FDA Approves High-Dose, Extended-Release Version of Xeljanz, Despite Blood Clot Risks

Although concerns emerged earlier this year about the risk of severe and potentially life-threatening blood clots from Xeljanz side effects when used at a 10 mg dose, federal regulators have approved new extended-release versions of the drug, which delivers even higher doses, for use among individuals with ulcerative colitis.

Pfizer Inc. issued a press release on this month, announcing the FDA’s approval of Xeljanz XR extended-release tablets in 11 mg and 22 mg doses, specifically for treatment of patients with moderate to severely active ulcerative colitis.

The new doses are meant to specifically be used by ulcerative colitis patients who have had an inadequate response or have an intolerance to a class of drugs known as TNF blockers which are typically prescribed to treat the condition.

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Xeljanz Lawsuits

Side effects of Xeljanz linked to risk of cancer, heart attacks, pulmonary embolism, deep vein thrombosis, blood clots and death.


Xeljanz (tofacitinib) was first approved by the FDA in 2012, to treat adults with rheumatoid arthritis, an autoimmune disorder that causes inflammation of the joints in approximately one percent of the population. The drug was designed to block the activity of certain enzymes in the body that affect immune system function and is commonly used as an alternative for patients who have tried methotrexate and other medications without success.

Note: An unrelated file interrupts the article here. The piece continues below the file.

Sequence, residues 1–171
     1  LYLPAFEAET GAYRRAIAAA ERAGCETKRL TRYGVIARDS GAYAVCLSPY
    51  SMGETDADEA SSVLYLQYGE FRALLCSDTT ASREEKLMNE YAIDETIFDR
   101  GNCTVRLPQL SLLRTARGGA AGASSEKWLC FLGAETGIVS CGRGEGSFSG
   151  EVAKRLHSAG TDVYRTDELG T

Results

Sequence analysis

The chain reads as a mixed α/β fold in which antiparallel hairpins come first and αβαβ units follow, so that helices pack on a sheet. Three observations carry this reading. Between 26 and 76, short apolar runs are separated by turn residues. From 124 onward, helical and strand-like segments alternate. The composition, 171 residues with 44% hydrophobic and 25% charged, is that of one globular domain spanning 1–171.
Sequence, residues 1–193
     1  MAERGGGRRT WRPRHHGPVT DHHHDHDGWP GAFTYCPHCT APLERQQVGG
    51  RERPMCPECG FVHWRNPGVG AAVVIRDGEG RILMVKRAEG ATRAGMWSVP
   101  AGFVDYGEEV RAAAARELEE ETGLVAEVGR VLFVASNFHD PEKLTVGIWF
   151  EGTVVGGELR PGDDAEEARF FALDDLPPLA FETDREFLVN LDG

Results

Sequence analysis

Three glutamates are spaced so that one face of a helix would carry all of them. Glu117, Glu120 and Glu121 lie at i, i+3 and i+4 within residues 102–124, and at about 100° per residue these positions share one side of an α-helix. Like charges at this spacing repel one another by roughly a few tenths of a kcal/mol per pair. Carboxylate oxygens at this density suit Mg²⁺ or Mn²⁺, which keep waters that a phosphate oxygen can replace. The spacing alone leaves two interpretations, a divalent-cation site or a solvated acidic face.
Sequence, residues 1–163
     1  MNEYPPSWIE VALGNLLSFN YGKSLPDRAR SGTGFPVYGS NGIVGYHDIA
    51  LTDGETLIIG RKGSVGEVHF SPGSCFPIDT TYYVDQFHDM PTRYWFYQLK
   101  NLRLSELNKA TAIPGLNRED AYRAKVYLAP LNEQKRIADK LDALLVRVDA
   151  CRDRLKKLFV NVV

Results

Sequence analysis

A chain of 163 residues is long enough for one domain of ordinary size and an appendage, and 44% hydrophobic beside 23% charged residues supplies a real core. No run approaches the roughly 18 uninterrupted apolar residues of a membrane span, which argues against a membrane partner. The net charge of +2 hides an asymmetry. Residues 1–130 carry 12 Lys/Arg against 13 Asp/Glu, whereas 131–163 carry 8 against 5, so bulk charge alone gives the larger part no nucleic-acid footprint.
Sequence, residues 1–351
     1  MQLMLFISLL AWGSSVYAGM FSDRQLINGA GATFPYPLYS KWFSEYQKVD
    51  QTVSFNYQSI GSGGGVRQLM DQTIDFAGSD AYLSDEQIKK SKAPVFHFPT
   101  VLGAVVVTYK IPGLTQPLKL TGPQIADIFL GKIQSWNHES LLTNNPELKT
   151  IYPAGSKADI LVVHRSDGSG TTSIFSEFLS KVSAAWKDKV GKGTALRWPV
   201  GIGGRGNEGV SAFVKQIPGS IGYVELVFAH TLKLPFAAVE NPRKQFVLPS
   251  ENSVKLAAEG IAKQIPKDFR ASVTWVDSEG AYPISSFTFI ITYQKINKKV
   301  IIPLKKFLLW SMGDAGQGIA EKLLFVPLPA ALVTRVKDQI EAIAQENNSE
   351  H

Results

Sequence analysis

Use of the medication was expanded in December 2017, after the FDA authorized use of Xeljanz and Xeljanz XR for the treatment of active psoriatic arthritis (PsA), and then approval was expanded again in May 2018 to include treatment of moderate to severe active ulcerative colitis. Generally, it is given at the 5 mg per day dose to treat arthritis, and at 10 mg per day to treat ulcerative colitis.

The FDA now recommends the 10 mg dose not be used in patients with ulcerative colitis, unless there is no suitable alternative.

The new extended release tablets are meant to be given once per day, for eight weeks, or up to a maximum of 16 weeks as induction therapy. Pfizer indicates the lowest effective dose should be used, and that the higher doses of the medication should be limited to the shortest possible duration, with “careful consideration of benefits and risks to the individual patient.”

Xeljanz Blood Clot Lawsuits

The new version and warnings come as Pfizzer faces a number of Xeljanz lawsuits filed by individuals who claim the drug maker previously withheld warnings about the blood clot risk, indicating that they may have avoided a pulmonary embolism, deep vein thrombosis or other injuries if earlier information had been provided to users and the medical community.

In February 2019, preliminary data from a Xeljanz clinical trial was released, indicating that patients receiving 10mg doses of Xeljanz twice per day were found to have a significantly higher risk of experiencing pulmonary embolisms and had an overall higher rate of mortality when compared to patients taking 5mg doses of Xeljanz for ulcerative colitis.

In response, the FDA issued a warning about the Xeljanz blood clot problems. A few months later, the agency announced a black box label warning for Xeljanz, in July 2019.

Since Xeljanz was first introduced into the market in 2012 by Pfizer Pharmaceutical Company, roughly 1% of the population is anticipated to have used or currently be using the medication. The company’s multi-purpose drug has been steadily increasing in sales each year, reaching blockbuster status with sales in excess of $1 billion per year.


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